Maui Tourists Will Find Most Activities Available and Businesses Open, But With Limitations
February 17, 2021, 11:26 AM HST
* Updated February 17, 11:49 AM
With the backdrop of Lanaʻi during a perfect Maui morning, a group of humpback whales put on quite the show Tuesday for visitors on three Lahaina-based tour boats filled at about half capacity.
“I don’t think the whales know we’re in the middle of the COVID-19 pandemic,” joked tourist Richard Bill of Bloomington, IL, who had just finished a whale watching excursion with Maui Adventure Cruises.
Visitors traveling to Maui now will find a destination on the rebound, with tourism at levels about 30 percent what they were a year ago — when record numbers were arriving with no end in sight.
Most tourist-related businesses now are open in some capacity — and with new safety protocols in place, including an island-wide mask mandate. Most activities are available, but there is less entertainment, with many annual events and festivals cancelled or going virtual.
Bill and his wife have vacationed regularly on Maui for the past 25 years. During this trip, he said they have been able to do just about everything they have in the past with some exceptions. They have not been able to go to shows at places like the still-closed Maui Arts & Cultural Center and they miss community “Friday Night” events that have been indefinitely cancelled.
Maui’s booming tourism industry came to a screeching halt in mid March 2020, when the new global virus led to the shutdown of all non-essential businesses and a mandatory 14-day quarantine for people (including residents) flying to Hawaiʻi. Cruises ships also were prevented from stopping in Hawaiʻi.
Many places on Maui, including Front Street in Lahaina, became ghost towns. But visitors have been returning slowly but surely since Oct. 15, when the state of Hawaiʻi launched its Safe Travels Program that enabled people to skip the quarantine if they arrived with a negative COVID-19 test from a trusted partner. Cruise ships, however, still are not allowed to dock in Hawaiʻi.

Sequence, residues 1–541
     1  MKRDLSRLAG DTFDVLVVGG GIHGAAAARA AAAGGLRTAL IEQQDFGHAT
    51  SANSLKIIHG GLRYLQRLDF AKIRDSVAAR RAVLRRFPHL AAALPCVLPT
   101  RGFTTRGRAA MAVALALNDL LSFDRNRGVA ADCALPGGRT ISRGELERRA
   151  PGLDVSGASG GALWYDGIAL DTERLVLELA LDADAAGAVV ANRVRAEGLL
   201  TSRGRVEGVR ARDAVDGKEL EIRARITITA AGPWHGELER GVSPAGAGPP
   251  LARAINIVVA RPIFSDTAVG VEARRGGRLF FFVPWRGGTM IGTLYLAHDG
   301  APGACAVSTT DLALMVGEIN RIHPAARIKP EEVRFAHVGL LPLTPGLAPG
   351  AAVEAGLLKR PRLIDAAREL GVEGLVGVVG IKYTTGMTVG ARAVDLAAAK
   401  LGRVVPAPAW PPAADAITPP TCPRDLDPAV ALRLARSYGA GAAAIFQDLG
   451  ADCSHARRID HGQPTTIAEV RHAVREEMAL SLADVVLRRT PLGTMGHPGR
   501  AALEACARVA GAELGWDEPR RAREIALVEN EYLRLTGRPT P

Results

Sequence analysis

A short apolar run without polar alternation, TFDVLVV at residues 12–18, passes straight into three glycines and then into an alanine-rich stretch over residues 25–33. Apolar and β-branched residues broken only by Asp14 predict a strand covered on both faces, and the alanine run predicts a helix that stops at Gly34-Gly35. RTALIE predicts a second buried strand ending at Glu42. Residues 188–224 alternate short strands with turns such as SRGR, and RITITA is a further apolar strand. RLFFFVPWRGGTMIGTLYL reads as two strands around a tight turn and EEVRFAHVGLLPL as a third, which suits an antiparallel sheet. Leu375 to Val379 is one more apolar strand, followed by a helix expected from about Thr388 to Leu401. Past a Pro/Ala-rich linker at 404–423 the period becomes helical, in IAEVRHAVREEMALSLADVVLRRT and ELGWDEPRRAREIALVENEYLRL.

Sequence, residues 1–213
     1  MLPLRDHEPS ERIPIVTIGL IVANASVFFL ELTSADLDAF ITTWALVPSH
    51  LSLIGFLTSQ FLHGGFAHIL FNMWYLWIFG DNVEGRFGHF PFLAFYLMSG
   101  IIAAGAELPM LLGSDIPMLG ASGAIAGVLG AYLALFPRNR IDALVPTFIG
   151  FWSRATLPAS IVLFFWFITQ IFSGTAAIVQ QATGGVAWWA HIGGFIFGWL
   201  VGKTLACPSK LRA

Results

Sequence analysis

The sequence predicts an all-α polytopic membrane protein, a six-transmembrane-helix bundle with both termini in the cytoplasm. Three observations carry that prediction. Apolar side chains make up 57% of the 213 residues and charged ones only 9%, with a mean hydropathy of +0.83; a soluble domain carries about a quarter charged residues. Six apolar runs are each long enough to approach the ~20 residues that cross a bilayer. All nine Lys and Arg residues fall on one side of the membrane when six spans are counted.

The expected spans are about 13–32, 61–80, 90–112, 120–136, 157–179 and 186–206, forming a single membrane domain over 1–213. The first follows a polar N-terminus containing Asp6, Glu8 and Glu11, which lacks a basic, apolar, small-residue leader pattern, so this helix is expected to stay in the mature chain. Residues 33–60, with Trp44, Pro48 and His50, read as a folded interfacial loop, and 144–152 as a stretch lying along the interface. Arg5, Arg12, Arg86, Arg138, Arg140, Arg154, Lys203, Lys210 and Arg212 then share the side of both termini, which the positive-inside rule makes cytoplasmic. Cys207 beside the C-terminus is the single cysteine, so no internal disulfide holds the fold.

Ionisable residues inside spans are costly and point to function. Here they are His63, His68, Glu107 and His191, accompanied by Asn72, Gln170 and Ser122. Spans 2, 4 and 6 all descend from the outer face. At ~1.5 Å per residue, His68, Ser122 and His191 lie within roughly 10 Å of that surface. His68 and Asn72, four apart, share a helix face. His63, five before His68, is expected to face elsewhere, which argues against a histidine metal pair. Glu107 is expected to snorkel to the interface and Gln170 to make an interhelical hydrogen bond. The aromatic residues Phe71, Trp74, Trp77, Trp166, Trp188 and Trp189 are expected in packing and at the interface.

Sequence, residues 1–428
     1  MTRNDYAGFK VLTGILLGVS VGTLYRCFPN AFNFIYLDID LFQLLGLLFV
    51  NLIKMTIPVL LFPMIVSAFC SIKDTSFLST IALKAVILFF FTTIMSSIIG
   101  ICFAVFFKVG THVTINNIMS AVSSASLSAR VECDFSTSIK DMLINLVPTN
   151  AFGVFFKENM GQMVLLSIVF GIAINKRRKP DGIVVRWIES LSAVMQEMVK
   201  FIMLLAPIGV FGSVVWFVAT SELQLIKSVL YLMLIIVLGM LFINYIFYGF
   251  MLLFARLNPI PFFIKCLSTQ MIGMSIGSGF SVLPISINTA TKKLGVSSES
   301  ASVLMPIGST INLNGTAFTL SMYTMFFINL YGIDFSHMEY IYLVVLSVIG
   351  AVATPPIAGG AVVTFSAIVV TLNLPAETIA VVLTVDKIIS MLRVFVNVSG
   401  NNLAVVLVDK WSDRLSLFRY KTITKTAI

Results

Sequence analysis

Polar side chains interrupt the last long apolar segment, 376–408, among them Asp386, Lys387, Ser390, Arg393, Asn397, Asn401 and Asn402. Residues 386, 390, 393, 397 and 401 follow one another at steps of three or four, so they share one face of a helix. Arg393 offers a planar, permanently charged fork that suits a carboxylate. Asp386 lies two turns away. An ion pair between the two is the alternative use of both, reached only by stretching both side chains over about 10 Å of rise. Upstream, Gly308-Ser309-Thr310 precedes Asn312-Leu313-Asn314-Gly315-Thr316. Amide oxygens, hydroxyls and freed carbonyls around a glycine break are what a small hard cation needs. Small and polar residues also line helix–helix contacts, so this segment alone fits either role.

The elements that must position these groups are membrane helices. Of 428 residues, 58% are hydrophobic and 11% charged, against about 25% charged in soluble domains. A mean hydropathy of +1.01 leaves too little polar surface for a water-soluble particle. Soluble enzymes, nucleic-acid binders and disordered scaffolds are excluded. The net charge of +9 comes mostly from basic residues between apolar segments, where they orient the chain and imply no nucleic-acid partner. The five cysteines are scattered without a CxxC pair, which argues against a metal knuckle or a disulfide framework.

December 2020 figures, the latest available from the Hawaii Tourism Authority, show hotel occupancy at 26 percent on Maui.
But since Feb. 1, the average number of visitors traveling to Maui has increased by more than 1,000 per day, compared to the average number of visitors from the start of Hawaiʻi’s Safe Travel Program to Jan. 31, 2021.
Since Feb. 1, 55,376 visitors have traveled to Maui for an average of 3,691 per day. The average was 2,547 visitors per day from Oct. 15 to Jan. 31, according to data from the COVID-19 State of Hawaiʻi Portal.
“I just spent a week down in Wailea, and it almost felt normal; it felt good,” said Bev Gannon, chef/owner of two Maui restaurants and Celebrations Catering. “People were walking on the paths and through the hotels. Occupancy was not where it was, but it is okay for now.”
Quentin Koch, President and General Manager of Blue Hawaiian Helicopters, said the recent long weekend that included Valentine’s Day and Presidents’ Day seemed to be the busiest time for the islands since the shutdown last March.
“It felt busier than Christmas week,” he said.
As more visitors have returned, tourist-related businesses have kept pace accordingly with the increasing demand for activities, lodging and restaurants.
The Maui Ocean Center, one of Maui’s most popular attractions, reopened a month ago when it made economic sense due to the number of arriving visitors.
A new concierge company, Blue Hawaiian Activities, launched Feb. 1. It fills the void caused by the loss of Expedia Group’s “Expedia Local Expert,” which ceased operations across the Hawaiian Islands on Jan. 31. Blue Hawaiian Activities has hired many of Expedia Group’s experienced concierges and has been contracting with most of the group’s former clients.